A Danube Delta-based educational camp held in June saw over 50 participants from four countries come together to learn more about Dalmatian pelicans – and the important role that rewilding can play in recovering populations of this iconic bird across Europe.
Coordinated by Rewilding Europe, the Pelican Way of LIFE initiative is a pan-European, multi-partner initiative to boost populations of the Dalmatian pelican along the Black-Sea Mediterranean Flyway, which is home to around 50% of the global population. As part of the initiative, efforts have been carried out to reduce direct mortality from collisions with power lines, enhance nesting conditions, and increase support for the growth of Dalmatian pelican populations across Europe.
To reconnect children with nature – and teach them more about Dalmatian pelicans and rewilding – a Pelican Education Camp was held at the end of June on the Romanian side of the Danube Delta rewilding landscape. A group of 40 secondary school children from Romania, Greece, Bulgaria, and Ukraine were welcomed to the camp, which was based in the traditional Romanian fishing village of Sfantu Gheorghe. The Danube Delta is one of the strongholds of the Dalmatian Pelican – the camp’s wide-ranging and immersive programme saw the children witness these majestic birds in the wild, as well as other iconic delta wildlife. They also learned first-hand about supporting the growth of Europe’s Dalmatian pelican population and the important role that the birds play in healthy wetlands.
The children visiting the pelican camp were aged between 12 and 18. They were accompanied by educators from each of the four countries, allowing the latter to gain knowledge and inspiration for similar future events, as well as knowledge and skills related to practical rewilding.
The camp programme was led by conservation practitioners from across Europe. In addition to interactive lectures, wildlife-watching field trips and interesting practical exercises, the children were divided into teams and tasked with investigating threats and opportunities around pelican conservation, introducing concepts such as viable populations, habitats and landscapes. The children gained practical experience and enhanced their presentation, storytelling, language, photography, and information handling skills. At the end of the camp they developed their own rewilding projects and presented them as group theatre plays. They were then encouraged to carry out parts of these projects on their return home.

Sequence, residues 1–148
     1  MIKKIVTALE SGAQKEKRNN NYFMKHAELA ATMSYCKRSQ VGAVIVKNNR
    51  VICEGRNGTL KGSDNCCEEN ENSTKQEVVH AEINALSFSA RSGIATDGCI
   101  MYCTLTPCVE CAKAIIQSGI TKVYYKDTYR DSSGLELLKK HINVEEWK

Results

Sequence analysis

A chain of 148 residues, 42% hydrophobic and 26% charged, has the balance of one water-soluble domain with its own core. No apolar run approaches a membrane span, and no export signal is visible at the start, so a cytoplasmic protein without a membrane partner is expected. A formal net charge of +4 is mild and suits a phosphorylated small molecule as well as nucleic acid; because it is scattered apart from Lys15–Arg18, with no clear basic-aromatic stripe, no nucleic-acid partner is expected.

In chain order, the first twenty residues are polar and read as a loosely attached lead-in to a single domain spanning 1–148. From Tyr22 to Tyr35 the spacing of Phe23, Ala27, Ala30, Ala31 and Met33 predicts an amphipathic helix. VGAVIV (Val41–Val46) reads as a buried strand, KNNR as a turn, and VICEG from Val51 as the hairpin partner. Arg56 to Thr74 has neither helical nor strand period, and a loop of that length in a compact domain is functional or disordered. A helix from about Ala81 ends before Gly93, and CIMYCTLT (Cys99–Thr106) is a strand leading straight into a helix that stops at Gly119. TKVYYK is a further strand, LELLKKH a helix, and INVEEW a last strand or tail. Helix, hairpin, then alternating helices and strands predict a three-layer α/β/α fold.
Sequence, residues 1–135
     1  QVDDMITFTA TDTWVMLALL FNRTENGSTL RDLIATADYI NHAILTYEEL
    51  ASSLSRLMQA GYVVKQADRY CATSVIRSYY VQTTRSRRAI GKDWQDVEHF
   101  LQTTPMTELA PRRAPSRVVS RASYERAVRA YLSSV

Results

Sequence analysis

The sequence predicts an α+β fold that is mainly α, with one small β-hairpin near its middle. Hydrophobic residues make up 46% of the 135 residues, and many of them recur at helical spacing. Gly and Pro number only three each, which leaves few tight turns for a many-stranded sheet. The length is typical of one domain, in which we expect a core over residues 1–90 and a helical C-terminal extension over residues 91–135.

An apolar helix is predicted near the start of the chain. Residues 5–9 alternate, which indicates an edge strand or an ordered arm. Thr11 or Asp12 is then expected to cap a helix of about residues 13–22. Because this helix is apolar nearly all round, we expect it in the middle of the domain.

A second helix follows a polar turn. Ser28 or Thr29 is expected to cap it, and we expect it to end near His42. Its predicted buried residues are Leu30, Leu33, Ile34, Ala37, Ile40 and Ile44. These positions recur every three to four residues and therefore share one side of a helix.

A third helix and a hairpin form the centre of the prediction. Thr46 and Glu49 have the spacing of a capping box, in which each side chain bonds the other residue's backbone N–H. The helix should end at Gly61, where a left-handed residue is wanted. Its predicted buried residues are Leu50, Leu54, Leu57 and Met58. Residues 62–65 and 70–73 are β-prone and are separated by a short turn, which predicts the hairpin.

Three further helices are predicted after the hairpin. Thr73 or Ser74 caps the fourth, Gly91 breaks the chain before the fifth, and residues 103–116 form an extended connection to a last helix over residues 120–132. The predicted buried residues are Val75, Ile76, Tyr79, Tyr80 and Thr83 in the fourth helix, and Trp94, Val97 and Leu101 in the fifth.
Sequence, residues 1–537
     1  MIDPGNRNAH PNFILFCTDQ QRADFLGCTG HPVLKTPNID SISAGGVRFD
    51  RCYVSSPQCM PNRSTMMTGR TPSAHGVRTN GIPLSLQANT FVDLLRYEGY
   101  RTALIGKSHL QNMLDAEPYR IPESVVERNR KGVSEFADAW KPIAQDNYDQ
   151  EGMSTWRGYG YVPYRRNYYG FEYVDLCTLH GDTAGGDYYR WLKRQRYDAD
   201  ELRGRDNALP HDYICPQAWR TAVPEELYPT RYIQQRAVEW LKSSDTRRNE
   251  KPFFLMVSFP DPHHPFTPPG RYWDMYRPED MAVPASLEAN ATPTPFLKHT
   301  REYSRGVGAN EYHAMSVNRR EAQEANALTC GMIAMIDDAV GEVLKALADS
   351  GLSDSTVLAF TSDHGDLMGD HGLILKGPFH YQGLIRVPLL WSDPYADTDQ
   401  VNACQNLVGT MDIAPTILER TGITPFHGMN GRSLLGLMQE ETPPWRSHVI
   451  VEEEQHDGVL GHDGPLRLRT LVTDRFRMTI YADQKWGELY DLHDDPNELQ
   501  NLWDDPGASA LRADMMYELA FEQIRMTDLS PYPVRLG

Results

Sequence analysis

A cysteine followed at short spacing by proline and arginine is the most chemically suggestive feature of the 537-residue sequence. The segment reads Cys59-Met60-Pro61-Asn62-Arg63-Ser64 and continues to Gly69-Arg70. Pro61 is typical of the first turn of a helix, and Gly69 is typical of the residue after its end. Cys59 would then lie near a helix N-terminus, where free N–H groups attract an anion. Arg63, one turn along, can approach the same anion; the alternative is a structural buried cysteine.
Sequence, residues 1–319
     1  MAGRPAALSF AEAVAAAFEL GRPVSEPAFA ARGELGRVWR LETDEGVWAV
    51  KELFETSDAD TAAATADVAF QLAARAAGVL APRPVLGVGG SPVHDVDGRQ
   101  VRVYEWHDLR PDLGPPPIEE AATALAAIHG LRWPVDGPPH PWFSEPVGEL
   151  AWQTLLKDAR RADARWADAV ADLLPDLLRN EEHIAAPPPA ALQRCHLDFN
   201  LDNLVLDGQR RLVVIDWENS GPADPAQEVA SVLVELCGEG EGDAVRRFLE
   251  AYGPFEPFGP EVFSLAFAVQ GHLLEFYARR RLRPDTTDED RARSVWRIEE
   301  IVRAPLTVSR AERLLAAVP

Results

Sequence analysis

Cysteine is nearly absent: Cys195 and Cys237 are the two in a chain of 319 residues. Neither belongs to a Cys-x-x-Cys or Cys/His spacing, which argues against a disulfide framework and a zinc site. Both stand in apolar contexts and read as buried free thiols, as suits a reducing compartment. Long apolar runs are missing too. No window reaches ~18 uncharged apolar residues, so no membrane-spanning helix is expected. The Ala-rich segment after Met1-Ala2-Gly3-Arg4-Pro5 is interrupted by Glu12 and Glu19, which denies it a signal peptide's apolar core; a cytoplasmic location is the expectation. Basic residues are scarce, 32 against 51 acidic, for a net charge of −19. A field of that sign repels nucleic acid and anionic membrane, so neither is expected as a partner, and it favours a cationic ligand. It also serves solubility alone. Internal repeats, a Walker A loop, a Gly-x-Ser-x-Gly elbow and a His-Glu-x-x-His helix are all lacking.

Feedback from camp participants was overwhelmingly positive.
“It was such a pleasure to take part in this event,” says Kristiyana Ivanova, a Bulgarian student from the town of Belene. “The programme taught me a lot about natural processes and increased my passion for pelicans and pelican conservation.”
“This was my first trip abroad and it was the best experience I have ever had,” says Christos Boukas, a student from Greece. “I learned a lot about birds, particularly pelicans. My favourite experience was touring the delta and seeing the pelicans up close. It made me want to protect them and go birdwatching at home.”
An endangered icon
With a wingspan of almost three metres and weighing in at over 10 kg, the Dalmatian pelican is one of the most impressive breeding birds in Europe. Yet despite its iconic status, it is extremely vulnerable across its entire geographic range, and is classified as “Near Threatened” on the IUCN Red List. While surveys conducted in 2020 indicated that European pelican populations were making a slow recovery, these populations have since been decimated by bird flu. A 2022 survey of Europe’s overall Dalmatian pelican population revealed a 40% decrease compared to 2021, with avian flu thought to be the culprit. With recovery set to take years, a successful 2023 breeding season looks increasingly critical.
The Dalmatian pelican requires access to still, fish-filled waters undisturbed by human activity, with extensive flooded and shallow water areas. Pelican populations in the Danube Delta were hit hard by the construction of a life-sapping web of dykes and agricultural polders between the 1950s and 1980s, which disconnected huge swathes of floodplain from the Danube’s main channels and lakes. This decimated fish stocks and impaired the ability of the river to provide water for drinking and irrigation, and to mitigate flooding. Ongoing efforts by the Rewilding Ukraine team to restore natural water flow in the delta are therefore good news for Dalmatian pelicans as well as local communities.
The Pelican Way of LIFE initiative is funded by the European Union’s LIFE Programme. In addition to the LIFE programme, the comeback of the Dalmatian pelican is supported by the Arcadia Fund, the UK based charitable trust of Lisbet Rausing and Peter Baldwin that supports charities and scholarly institutions that preserve cultural heritage and the environment. The camp itself was also supported by Stichting Amfortas, a Dutch family foundation dedicated to supporting Rewilding Europe’s effort to advance rewilding across the continent.